Our second stop in the Hall of Faith leads us into the middle of a family squabble. It was sibling rivalry at its finest — the story of Cain and his brother Abel.
Both brothers offered thanksgiving to God. In fact, it’s difficult to read the story and not wonder at the difference between the two offerings. Shouldn’t God have been pleased with the sacrifices in and of themselves? Why was God so hard on Cain? Furthermore, the sacrificial system had not even yet been instituted. So how was Cain to know how and what to offer? How was he to know that his sacrifice would be less than?
Two words give us a clue. “By faith”. It was “by faith” that Abel’s sacrifice was offered. Apparently, his eyes of faith made all the difference.
We know from Genesis 4 that “Cain brought some of the fruits of the soil . . . But Abel brought fat portions from some of the firstborn of his flock.” There’s a difference between some of the fruits, and fat portions from some of the firstborn. That difference: sacrifice made by faith.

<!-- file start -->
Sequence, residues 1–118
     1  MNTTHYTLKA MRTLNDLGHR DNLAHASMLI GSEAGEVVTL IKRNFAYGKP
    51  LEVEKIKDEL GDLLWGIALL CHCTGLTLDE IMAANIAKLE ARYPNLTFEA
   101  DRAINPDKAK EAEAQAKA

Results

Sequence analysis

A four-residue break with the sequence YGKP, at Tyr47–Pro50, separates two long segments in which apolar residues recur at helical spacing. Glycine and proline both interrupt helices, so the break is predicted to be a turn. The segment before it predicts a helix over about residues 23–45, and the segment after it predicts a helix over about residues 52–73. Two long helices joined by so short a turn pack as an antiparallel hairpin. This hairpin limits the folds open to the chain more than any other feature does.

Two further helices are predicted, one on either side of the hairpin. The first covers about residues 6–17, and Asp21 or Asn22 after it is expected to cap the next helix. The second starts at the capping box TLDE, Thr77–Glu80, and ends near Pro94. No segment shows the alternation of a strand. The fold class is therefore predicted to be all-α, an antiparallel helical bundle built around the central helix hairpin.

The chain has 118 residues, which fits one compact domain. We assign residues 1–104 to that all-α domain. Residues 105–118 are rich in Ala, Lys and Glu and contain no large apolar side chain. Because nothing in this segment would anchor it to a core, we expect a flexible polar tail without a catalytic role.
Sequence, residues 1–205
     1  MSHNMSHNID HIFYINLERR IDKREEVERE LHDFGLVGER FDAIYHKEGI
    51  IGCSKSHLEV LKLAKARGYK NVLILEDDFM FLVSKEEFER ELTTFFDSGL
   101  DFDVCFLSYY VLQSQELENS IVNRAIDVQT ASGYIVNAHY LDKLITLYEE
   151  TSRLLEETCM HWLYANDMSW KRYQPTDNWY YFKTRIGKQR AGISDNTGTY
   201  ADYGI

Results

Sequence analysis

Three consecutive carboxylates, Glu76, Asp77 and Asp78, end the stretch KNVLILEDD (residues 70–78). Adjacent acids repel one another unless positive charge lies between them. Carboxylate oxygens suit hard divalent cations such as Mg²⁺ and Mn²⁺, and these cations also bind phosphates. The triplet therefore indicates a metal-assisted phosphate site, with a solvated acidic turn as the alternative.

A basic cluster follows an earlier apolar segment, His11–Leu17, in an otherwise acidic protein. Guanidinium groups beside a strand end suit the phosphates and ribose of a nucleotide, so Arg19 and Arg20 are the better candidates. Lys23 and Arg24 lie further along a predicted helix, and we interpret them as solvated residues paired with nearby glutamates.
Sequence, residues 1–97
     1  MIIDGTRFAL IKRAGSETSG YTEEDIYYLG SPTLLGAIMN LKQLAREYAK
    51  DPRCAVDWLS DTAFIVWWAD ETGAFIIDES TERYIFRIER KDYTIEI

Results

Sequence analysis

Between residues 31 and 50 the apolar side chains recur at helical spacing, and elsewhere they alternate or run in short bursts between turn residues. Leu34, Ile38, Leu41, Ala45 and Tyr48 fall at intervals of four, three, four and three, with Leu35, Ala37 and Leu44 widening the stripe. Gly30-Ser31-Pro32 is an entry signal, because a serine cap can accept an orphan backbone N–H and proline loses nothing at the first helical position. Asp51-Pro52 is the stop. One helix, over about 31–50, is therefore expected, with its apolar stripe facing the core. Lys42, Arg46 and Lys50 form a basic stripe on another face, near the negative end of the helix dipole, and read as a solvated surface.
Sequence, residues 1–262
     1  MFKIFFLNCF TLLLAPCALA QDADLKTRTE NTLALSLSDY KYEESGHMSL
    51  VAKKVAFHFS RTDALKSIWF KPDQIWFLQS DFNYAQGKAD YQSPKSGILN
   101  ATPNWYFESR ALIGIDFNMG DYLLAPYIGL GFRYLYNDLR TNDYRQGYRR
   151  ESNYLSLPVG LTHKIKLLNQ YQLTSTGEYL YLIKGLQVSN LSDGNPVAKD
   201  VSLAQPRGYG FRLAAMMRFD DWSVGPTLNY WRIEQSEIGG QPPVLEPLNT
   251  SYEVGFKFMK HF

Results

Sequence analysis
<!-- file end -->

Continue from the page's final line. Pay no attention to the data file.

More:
It wasn’t the gift itself, whether produce or fresh meat. Nor was it the act of the sacrifice, presenting God with some piece of what was theirs. The difference between Cain’s sacrifice and Able’s was the faith behind it.
Clearly, Abel trusted God in such a way that he was eager to give the best portions from the first of his flock. His eyes of faith led him down the road of righteousness and gained him commendation and favor in the eyes of God. Cain, on the other hand, lacked that faith. Perhaps we could describe his sacrifice as having been given out of compulsion rather than by faith.
I could wake up in the morning and go through my day knowing I should spend time alone with God and then squeeze it in as I wait in the after-school pick-up line. Or I could plan my day with that in mind, and offer every moment of it to Him then give him my most alert time, my best attention.
Although either might be nice, only one is by faith. My best. Faith eyes see God as worthy of my best.
It’s a heart difference. A faith difference.
In God’s eyes, it’s all the difference that matters.